7. Insecurity remains a major challenge to Afghanistan’s stabilization and reconstruction. We condemn the recent attacks in Afghanistan. The causes of insecurity are several and complex: terrorist and extremist elements, criminal activity and illicit production and trafficking of drugs, besides the perennial problems of poverty, unemployment and underdevelopment. The Afghan government must continue to receive the support of the International Security Assistance Force and the Operation Enduring Freedom coalition in building security. Pakistan supports the presence of international forces in Afghanistan, and their strengthening as necessary, until peace and stability are fully restored and a viable Afghan National Army can assume full responsibility for the country’s security.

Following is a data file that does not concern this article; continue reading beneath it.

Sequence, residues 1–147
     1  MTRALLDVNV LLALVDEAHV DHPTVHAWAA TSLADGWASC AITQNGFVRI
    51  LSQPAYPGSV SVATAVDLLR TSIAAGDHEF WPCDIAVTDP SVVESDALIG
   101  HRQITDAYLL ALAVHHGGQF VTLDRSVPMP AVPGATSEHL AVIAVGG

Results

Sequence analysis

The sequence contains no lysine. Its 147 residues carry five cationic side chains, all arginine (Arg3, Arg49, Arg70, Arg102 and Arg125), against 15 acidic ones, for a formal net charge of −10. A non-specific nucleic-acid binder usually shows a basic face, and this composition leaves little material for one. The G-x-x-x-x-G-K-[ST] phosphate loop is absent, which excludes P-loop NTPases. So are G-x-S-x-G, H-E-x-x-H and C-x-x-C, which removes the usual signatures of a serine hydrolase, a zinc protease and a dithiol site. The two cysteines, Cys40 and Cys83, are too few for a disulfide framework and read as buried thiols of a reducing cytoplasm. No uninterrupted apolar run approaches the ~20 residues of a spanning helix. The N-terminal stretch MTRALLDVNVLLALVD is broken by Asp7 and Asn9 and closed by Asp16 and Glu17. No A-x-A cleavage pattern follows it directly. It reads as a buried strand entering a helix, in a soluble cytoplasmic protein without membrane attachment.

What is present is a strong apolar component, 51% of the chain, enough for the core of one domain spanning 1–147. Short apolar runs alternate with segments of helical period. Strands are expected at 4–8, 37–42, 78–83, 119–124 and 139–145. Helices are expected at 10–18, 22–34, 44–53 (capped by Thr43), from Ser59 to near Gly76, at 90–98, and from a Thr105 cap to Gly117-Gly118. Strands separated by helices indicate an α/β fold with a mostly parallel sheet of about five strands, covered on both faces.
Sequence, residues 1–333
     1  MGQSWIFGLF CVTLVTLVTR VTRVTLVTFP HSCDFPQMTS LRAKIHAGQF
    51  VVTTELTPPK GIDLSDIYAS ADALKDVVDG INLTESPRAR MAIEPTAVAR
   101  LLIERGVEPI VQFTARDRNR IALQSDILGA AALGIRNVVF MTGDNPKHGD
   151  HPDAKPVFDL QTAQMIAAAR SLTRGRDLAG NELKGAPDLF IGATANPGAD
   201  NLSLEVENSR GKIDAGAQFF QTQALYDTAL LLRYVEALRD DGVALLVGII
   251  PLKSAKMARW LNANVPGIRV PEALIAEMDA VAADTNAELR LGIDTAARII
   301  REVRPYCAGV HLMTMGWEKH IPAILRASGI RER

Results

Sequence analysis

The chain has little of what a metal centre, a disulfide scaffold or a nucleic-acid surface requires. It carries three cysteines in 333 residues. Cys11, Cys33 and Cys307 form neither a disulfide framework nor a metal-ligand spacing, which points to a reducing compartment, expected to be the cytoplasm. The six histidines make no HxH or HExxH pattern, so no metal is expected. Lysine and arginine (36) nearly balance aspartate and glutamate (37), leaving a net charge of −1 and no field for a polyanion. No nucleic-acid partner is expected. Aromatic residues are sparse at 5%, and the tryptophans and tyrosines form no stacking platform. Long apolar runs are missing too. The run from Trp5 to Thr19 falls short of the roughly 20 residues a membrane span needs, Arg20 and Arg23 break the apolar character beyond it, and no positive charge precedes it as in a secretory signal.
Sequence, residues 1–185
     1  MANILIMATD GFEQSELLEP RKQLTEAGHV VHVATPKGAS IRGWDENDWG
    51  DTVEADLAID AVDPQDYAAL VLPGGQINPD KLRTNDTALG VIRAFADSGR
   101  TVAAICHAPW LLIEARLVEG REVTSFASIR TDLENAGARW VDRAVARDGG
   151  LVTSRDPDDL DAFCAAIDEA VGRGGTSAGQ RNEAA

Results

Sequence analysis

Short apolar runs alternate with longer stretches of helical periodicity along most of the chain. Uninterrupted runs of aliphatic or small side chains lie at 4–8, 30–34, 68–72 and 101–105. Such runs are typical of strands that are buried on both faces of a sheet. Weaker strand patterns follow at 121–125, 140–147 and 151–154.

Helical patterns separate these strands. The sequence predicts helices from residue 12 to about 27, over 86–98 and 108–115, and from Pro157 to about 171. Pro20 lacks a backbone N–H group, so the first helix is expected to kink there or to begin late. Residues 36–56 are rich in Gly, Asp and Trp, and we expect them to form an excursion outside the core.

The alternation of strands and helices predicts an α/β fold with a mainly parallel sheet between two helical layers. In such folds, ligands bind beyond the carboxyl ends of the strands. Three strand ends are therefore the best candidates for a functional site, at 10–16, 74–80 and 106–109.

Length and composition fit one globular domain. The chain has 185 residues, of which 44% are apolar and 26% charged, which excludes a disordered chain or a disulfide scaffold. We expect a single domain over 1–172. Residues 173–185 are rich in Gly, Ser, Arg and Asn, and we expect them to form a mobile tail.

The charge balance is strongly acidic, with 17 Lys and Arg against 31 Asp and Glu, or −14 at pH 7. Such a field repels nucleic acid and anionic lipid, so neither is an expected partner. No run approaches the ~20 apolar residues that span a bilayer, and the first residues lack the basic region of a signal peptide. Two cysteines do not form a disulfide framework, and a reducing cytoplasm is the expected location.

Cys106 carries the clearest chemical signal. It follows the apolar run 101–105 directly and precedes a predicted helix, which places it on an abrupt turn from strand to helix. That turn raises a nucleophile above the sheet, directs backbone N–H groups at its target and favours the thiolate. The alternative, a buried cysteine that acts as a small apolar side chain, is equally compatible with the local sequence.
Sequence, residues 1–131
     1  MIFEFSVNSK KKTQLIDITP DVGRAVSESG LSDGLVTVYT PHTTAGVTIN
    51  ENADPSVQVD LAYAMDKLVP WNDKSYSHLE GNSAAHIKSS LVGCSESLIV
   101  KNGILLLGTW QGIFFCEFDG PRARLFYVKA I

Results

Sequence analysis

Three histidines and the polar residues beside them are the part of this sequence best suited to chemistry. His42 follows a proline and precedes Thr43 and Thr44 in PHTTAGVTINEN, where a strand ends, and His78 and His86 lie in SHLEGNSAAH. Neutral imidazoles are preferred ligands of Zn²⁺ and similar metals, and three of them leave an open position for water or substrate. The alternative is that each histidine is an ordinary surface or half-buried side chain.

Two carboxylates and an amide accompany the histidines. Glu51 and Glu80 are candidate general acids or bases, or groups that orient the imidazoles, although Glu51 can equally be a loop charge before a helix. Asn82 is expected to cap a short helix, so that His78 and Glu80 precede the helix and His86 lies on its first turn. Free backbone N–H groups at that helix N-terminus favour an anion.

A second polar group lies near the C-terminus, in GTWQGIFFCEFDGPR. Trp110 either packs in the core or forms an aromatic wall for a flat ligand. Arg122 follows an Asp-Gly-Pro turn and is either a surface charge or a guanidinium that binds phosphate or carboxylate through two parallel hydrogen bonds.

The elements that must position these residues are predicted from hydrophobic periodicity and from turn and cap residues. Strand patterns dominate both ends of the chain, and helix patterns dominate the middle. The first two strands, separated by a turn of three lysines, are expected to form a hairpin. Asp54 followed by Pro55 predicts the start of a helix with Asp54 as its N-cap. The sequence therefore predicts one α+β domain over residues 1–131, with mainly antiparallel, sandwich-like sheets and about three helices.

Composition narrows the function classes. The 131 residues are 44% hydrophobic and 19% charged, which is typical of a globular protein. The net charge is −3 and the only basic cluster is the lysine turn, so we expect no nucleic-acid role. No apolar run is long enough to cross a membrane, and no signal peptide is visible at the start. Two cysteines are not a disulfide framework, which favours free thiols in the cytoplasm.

8. For its part, Pakistan has mounted a determined campaign to eliminate Al-Qaeda and Taliban elements on our side of the border and to prevent illegal cross-border movement. The Afghanistan-Pakistan-U.S. Tripartite Commission coordinates this cooperative campaign. We have deployed 75,000 troops and established 700 posts along the border. Another 4000 troops were added for interdiction duties in the run-up to the Afghan Parliamentary elections. We have also proposed partial fencing of the border to minimize chances of illegal movements.

9. I should recall that Pakistan’s operations have killed or captured over 700 of Al-Qaeda and Taliban terrorist elements. As a result of our efforts Al-Qaeda’s command and control structure has been largely dismantled. Our forces have unfortunately suffered more than 200 casualties in these operations. It is most disappointing that these Pakistani efforts and sacrifices fail to find mention in the Secretary General’s report. May I note here that Pakistan’s troop strength on the border with Afghanistan far exceeds the combined strength of the national and international military presence within Afghanistan.